Sharyl Attkinson and hard evidence.

On 19 February Hillsdale College hosted a talk by Sharyl Attkinson. The talk was entitled Slanted Journalism and the 2020 Election. It is more than happenstance that in December she published a book called Slanted that currently boasts on Amazon a 5-star rating from nearly a thousand reviews. Five stars/ nearly a thousand/ three months: those, taken together, are three very sexy numbers. Let’s learn more.

They don’t give us the identity of the gentleman that introduces her. I have fished around and have a theory, but it’s not firm enough for me to commit to a name. Nevertheless I can say that it is a professionally delivered introduction. He reads it from a script, which is regrettable but understandable given the concentration of detail and not his subject. He has an attempt at humour via a dig at CNN, but in the absence of laughter (understandable so early in the proceedings) he adroitly throws the humour away. He’s good. He is also very tall, or Attkinson is very short, because while he towers above them the microphones almost hide Attkinson when she arrives to begin her speech at 1:30.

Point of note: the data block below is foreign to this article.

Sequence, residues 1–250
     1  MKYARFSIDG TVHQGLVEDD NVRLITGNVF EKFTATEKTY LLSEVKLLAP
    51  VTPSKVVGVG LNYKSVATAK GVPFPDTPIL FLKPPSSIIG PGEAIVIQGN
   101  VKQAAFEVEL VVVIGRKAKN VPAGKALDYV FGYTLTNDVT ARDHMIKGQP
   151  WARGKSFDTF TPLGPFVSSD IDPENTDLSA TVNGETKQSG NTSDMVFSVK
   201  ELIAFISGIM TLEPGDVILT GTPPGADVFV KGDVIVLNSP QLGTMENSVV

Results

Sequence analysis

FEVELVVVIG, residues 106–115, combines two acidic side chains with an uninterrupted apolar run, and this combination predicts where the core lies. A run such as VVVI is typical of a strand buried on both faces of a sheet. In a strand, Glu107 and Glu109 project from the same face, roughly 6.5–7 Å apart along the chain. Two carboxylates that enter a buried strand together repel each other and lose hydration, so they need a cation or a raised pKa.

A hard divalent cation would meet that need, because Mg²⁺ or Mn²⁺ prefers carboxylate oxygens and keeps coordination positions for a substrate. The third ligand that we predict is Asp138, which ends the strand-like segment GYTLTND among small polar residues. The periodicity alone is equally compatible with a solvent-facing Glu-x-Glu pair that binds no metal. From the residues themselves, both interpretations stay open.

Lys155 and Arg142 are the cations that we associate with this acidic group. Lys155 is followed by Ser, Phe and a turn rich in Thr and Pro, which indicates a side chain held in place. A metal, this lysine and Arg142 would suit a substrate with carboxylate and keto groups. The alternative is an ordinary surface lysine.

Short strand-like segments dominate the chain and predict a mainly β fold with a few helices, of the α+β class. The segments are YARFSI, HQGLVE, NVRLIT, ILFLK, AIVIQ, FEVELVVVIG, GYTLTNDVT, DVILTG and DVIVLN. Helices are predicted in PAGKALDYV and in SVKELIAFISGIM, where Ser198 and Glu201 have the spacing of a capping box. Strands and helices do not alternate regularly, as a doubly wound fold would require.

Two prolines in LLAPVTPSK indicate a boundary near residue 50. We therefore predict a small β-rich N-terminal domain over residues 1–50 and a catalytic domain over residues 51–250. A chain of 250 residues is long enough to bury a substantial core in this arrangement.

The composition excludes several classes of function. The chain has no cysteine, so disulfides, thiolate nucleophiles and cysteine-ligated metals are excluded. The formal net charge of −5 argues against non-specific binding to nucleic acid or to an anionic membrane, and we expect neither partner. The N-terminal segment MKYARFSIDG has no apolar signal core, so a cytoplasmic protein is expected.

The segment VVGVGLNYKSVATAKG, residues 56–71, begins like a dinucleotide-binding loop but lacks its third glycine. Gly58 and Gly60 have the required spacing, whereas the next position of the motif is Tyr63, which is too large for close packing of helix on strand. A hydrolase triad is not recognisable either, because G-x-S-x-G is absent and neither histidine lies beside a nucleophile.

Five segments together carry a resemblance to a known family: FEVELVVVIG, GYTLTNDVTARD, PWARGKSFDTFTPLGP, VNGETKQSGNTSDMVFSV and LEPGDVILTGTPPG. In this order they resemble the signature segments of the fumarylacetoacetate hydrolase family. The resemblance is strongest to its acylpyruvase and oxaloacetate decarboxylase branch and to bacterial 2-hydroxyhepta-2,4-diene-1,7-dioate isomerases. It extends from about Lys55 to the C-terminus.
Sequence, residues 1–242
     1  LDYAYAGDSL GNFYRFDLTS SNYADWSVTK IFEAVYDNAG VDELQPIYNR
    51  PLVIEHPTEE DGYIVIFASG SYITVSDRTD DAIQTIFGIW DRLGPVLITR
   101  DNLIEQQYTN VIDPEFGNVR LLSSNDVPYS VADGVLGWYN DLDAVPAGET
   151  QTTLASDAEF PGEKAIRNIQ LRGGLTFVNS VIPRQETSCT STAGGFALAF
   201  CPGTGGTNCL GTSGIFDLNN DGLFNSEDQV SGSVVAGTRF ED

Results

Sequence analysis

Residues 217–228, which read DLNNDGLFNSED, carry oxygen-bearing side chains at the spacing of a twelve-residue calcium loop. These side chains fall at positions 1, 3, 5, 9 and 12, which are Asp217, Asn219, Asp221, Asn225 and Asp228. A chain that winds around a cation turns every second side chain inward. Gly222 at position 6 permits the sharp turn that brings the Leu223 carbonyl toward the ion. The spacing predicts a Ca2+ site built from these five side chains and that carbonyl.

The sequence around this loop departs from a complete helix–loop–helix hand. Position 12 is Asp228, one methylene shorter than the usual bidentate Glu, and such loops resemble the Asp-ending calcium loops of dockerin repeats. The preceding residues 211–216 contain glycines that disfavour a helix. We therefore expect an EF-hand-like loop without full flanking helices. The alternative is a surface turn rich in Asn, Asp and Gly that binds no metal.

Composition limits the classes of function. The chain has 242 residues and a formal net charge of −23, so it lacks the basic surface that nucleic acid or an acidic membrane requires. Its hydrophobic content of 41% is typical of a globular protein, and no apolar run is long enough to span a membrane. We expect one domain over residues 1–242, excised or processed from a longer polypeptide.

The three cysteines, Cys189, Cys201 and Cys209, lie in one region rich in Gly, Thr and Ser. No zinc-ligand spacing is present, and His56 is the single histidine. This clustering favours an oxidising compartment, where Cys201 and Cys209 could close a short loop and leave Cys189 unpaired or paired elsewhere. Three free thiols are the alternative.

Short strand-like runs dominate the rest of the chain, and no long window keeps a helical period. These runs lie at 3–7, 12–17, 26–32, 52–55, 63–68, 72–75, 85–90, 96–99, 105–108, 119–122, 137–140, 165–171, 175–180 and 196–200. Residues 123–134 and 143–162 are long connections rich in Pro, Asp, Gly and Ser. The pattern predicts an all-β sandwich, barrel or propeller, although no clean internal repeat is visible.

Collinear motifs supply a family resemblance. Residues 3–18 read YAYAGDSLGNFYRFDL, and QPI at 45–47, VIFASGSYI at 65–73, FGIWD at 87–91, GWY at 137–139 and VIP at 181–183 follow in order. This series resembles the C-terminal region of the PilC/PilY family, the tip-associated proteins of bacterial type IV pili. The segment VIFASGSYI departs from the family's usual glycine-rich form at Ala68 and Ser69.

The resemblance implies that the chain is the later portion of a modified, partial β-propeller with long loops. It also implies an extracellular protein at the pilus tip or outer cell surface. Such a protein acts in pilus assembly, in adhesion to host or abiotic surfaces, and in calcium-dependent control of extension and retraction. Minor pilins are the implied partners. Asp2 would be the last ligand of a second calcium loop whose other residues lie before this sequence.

They later find her something to stand on, which is quite important given that she needs to see over the lectern to a slave-screen which displays to her the images being projected to the audience. She is too professional to crane around to look at the big screen herself: speakers who do that surrender a little of the audience’s focus each time.